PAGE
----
Ingrown Toenail

Toes on the Go -  - Podiatrist

Michele Kraft, DPM

Podiatrist located in Carmel, CA

Ingrown Toenail Specialist
Dr. Michele Kraft is a board-certified podiatrist who uses a holistic approach in the treatment of painful ingrown toenails. She can offer surgical and non-surgical remedies. If you’re concerned about ingrown toenails, request an appointment online with Dr. Kraft at Toes on the Go in Carmel, California. Dr. Kraft will give you expert care and advice on how to keep your toes in tip-top shape.

Ingrown Toenail Q & A

by Michele Kraft, DPM

What is an ingrown toenail?

An ingrown toenail occurs when the edge of a toenail grows into the soft tissue of a toe. It can happen to any toe; however, it occurs more commonly with the nails of the big (great) toes. When a toenail penetrates the flesh of a toe, it causes pain, redness, and swelling. If left untreated, an ingrown toenail can lead to a bacterial infection of the skin, causing even more pain, redness, and swelling. An infection can also cause an odor-producing pus to form, which may or may not drain on its own.  This infection, left untreated, can migrate into the bone of the toe, which requires aggressive IV antibiotics, surgery and possible removal of infected bone.  Early intervention is so important!

What causes ingrown toenails?

Improperly trimming the toenails too short or with a curved shape at each corner can cause the nails to become ingrown as they grow out. Wearing tight shoes can crunch up the toes, putting pressure on the nails and forcing them into the skin. Repeated injuries to the toes from certain activities can cause trauma to the nail corners and force them to grow into the skin. Some patients also have a hereditary tendency for toenails to angle the wrong way and grow into the flesh.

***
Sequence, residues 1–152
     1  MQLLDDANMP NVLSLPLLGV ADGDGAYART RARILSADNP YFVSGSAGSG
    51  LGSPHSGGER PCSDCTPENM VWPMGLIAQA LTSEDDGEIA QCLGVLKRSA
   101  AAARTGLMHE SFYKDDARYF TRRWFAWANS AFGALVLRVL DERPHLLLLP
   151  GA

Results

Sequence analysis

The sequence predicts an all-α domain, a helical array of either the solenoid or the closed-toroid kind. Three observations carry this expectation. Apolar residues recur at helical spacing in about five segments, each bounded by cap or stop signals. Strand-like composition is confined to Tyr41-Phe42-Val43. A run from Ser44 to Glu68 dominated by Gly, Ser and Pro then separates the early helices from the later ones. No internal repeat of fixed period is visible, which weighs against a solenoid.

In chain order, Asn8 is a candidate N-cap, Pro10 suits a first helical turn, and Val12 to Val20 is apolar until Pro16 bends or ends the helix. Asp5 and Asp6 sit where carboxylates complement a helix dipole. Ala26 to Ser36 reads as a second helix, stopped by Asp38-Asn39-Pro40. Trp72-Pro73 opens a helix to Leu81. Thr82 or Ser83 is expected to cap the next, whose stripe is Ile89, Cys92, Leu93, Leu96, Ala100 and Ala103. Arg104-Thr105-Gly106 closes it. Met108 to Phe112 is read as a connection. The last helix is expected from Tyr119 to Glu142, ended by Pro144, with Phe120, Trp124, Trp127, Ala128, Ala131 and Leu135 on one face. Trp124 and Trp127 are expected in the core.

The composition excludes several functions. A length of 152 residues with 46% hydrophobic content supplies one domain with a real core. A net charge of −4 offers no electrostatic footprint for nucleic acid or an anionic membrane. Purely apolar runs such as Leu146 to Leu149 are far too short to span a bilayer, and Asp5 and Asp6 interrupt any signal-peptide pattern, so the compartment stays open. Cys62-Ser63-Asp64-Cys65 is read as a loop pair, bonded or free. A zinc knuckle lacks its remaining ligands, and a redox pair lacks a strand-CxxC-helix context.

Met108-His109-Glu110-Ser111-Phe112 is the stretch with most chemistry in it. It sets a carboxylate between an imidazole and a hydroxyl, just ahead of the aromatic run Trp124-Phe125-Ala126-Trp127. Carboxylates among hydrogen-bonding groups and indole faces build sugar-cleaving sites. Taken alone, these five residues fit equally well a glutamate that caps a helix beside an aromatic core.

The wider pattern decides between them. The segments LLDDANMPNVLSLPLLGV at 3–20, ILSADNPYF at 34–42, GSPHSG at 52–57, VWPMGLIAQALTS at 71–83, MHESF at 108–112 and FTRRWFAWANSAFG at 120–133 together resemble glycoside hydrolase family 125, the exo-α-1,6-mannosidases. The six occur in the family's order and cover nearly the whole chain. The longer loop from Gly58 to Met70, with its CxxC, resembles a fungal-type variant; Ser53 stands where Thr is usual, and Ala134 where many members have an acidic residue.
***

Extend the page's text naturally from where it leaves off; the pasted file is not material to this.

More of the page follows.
How does Dr. Kraft treat ingrown toenails?

If an infection of the skin around the ingrown toenail develops, Dr. Kraft may prescribe antibiotics and warm water soakings of the affected toe several times a day. Cotton inserts may be placed under the toenail to help lift it and provide comfort. If the doctor determines that the ingrown toenail needs to be removed, she numbs the affected area and removes the ingrown toenail and possibly nail root in a painless procedure.

To prevent recurrence of an ingrown toenail, Dr. Kraft suggests avoiding shoes with pointed, tight toe boxes and wearing properly fitting shoes with ample room at the toes instead. Using the appropriate method to trim the toenails is also important. Cutting them straight across without curves at the corners helps prevent the nails from growing into the skin. Patients with diabetes or peripheral vascular disease (poor circulation) need to make an appointment as soon as they notice an ingrown toenail, to prevent the development of serious medical complications.

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